Today the question is less that of “docile bodies” but rather a question of commanders and overlords. And this is also the key problem for desire today. The recent trend around casual or “mini” games is a perfect instance of this -- remember how Brain Age for the Nintendo DS was all the rage a few years ago. In years to come we will see a steady rise in games devoted to informatic therapy and training. This is but one harbinger of the coming gamic class being cultivated today.
Hence a lament for the new informatic masters: we desperately need alternative algorithms; we desperately need counter-gaming. But, thus far, alternative algorithms seem hopelessly impossible, beyond the very horizon of intelligibility.
Has anything really changed in recent years? Of course a number of clever and artful games have appeared, from Portal and Braid to Limbo and Monument Valley. And independent gaming has flourished in ways I couldn't have imagined. Still, as time passes the functional mandates of algorithms and the mysterious liberations of play only become more closely interwoven. These days play looks more like labor, and labor looks more like play. Rather than having dissipated, the mutual overlap of games and work has only grown more insidious. We still need alternative algorithms, now more than ever. But what would such algorithms look like?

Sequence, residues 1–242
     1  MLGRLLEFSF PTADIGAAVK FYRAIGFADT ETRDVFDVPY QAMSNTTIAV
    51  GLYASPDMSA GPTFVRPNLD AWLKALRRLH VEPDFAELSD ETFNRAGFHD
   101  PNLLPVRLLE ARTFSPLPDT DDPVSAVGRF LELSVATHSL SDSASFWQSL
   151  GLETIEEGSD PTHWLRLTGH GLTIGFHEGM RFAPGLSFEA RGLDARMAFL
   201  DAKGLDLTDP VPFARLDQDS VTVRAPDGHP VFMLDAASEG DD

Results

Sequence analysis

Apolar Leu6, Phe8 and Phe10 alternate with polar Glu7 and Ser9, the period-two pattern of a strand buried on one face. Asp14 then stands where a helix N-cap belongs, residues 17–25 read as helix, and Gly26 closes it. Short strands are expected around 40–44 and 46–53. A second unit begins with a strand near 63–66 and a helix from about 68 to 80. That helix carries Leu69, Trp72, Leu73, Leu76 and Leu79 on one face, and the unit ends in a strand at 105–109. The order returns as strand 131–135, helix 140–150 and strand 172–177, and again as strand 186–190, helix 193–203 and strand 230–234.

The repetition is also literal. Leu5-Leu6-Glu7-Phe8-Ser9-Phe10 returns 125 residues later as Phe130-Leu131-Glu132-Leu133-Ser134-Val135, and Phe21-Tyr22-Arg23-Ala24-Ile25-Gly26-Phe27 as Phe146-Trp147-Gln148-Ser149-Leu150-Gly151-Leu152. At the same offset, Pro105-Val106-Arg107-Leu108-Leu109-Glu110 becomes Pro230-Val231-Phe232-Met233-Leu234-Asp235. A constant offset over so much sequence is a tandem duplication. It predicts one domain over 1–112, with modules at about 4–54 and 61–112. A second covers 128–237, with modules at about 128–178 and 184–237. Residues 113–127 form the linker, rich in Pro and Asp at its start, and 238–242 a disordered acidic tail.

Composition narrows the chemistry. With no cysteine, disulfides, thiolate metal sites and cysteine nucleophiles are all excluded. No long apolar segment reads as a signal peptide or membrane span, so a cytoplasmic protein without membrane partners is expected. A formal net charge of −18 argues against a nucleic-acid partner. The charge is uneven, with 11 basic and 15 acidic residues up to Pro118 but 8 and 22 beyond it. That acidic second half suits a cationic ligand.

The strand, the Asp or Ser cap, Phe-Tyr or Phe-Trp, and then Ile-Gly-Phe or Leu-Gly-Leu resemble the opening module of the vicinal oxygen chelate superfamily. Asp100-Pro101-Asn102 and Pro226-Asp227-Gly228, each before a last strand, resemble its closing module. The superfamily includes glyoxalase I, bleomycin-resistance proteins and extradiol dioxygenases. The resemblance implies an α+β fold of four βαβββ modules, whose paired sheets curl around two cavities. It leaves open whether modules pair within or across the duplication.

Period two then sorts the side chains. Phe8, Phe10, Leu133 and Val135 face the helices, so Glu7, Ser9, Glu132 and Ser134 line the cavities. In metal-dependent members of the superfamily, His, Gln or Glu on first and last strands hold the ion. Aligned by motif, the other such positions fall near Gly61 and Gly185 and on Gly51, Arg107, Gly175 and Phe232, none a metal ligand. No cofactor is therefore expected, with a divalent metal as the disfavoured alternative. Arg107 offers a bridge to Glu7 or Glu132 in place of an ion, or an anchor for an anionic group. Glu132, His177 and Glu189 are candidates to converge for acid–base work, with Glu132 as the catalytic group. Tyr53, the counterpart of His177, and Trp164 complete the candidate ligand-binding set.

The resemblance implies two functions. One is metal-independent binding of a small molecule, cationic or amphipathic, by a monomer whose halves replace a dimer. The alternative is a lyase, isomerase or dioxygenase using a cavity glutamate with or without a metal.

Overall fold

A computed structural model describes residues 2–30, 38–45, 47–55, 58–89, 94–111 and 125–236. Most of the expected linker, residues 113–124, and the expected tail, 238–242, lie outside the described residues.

There seem to be two alternatives today, neither of which is very satisfying. The alternative algorithms of countergaming are either structured as negation or as deprivation. With negation, the game is stripped of all possibilities of game play, left to lapse back to other media altogether (video, animation). With deprivation, the game is censored and scolded, allowed to continue to play, but only in an enlightened or “self-aware” mode. Cory Arcangel & PaperRad’s “Super Mario Movie” is a negation; Eddo Stern’s “Darkgame” is a deprivation. Brody Condon’s “650 Polygon John Carmack” is a negation; Stephen Lavelle's “Activate the Three Artefacts and then Leave” is a deprivation. The first is play’s destruction, while the second is play’s revision.
In either mode, the very essence of what makes a game a game is withheld, deferred either for all time, or just for a moment. “I love to put the things I love in extreme peril,” wrote the artist Jean Dubuffet. “It is only at the point of failure that the thing reveals itself.” In a game, what else but fun itself can be subjected to failure? Can we blame the artist who wishes to destroy fun entirely?
Deprivation blows gently in one direction, but negation carries the failure to the end of the line. Both modes are glorious, even if they are trapped within a spiral of self-contradiction. For one must never forget that there is an important utopian possibility contained within any type of aesthetic failure. Or as Jean-Jacques Rousseau wrote in his “Discourse on the Arts and Sciences” of 1750: failure has an infinity of forms, but the truth is singular.
Today we should take this as a celebration not a lament, and focus on the failure not the truth. Counter-gaming shall have an infinity of forms. And the lament leads to the remedy: let's demilitarize play; let's uncouple gaming from the mandates of the market; let's dial up the game studies and dial down the game theory. Only then will the virtues of these machines reveal themselves. Only then will our cybernetic ecology return to a balance in which both the human and non-human play a vital role.